Dose of Reality: Dose of Reality is a website that details the issue of painkiller abuse in Wisconsin. It gives a detailed description of how painkiller abuse can occur and how to prevent this from happening.
DisposeRx: DisposeRx is a medication management website dedicated to solving drug disposal issues. This DisposeRx provides resources to best manage medication disposal and safe practices.
EVERFI: EVERFI encourages school to provide prescription safety education to their students. Learn how you can bring the Prescription Drug Safety course to your child’s school and encourage your local school to provide prescription safety education to their students.
Operation Prevention: Operation Prevention is a program backed by Discovery Education and the DEA to provide free, online resources that promote drug abuse prevention. These resources are meant to help students, educators, and working adults learn about how they can prevent misuse of opioids and other drugs.
Project Lazarus: Project Lazarus aims to educate young adults about both the benefits and dangers of various medications, and how to safely use and dispose of them. Those who join Project Lazarus pledge sobriety and act as role models for their peers to follow and learn from.
Partnership to End Addiction: Partnership to End Addiction is a resource that connects persons to trained professionals, so they can discuss addiction and learn how to take action in the community. The Parental Helpline provides specialist help to parents or guardians who need support in treating an addiction of a loved one and is completely confidential.
Scholastic: Scholastic provides information about over the counter (OTC) medication safety for young adults as well as resources for young adults to learn about common medication safety in an interactive style. They also provide information for educators and parents.
The NAMI HelpLine is a free service that provides information, resources, and support to people living with a mental health condition, as well as their family members and caregivers.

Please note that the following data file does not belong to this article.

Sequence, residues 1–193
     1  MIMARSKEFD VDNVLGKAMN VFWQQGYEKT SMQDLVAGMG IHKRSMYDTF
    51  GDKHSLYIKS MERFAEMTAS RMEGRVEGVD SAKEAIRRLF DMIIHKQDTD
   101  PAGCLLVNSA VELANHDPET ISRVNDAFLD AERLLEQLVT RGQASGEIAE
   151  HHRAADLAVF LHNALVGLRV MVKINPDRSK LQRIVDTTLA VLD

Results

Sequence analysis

Substance Abuse and Mental Health Services Administration (SAMHSA)
The SAMHSA hotline is a confidential, free, 24-hour-a-day, 365-day-a-year, information service, in English and Spanish, for individuals and family members facing mental and/or substance use disorders.
Treatment Referral Helpline
If you have questions or concerns about opioid use and safety, please contact your doctor, a school counselor, or refer to www.hhs.gov/opioids.
The National Institute on Drug Abuse (NIDA) developed a guide to help parents talk with their children about opioids. We hope this booklet can help parents better understand opioids and start a conversation with their child.
National Institute on Drug Abuse (NIDA): A Letter to Parents
The National Institute on Drug Abuse (NIDA) also developed a guide specifically for teens with the goal to give them facts about opioids and help them make smart and safe choices. We hope teens will use this booklet to become more educated on opioid safety and share information about opioids with their friends, parents, teachers, and others.
National Institute on Drug Abuse (NIDA): A Letter to Teens
Common Medication Safety Tips to Know
- Know the name and dose(s) of your medicine(s).
- Understand why the medicine is important and what it treats.
- Read your labels to learn what you are taking, how and when to take it, side effects, etc.
- Make sure you take your medicine in the correct dose.
- Take your medicines at the right time(s).
- Renew your medications in advance so you do not run out.
Take Your Medicine
- Store your medications(s) in a cool, dry place.
- Lock your medications in a cabinet to keep them away from children and pets.
- Dispose of your medications safely by taking them to a drug take back site, location, or program.
If you cannot get to a drug take back location promptly
- and your medicine is on the FDA flush list, your next best option is to immediately flush these potentially dangerous medicine down the toilet.
- and your medicine is not on the flush list, you should follow these instructions to discard the medicine in your trash at home.
Keep Your Medications Safe
- Tell your doctor or pharmacist if you have a problem taking the drug for any reason, including cost.
- Keep a list of all medications you take.
- Know your medicine allergies.
- Report unusual side effects to your doctor or pharmacist.
In the News
“MedSMART: Adventures in PharmaCity” - Game based Learning to Teach Safe Medication Handling: This article written by the Great Lakes Addiction Technology Transfer Center (ATTC) covers an interview with the Principal Investigator, Dr. Abraham, on the serious game MedSMART: Adventures in PharmCity. This article answers many questions about the intentions of the game and how it will be used to further prescription drug knowledge in adolescents.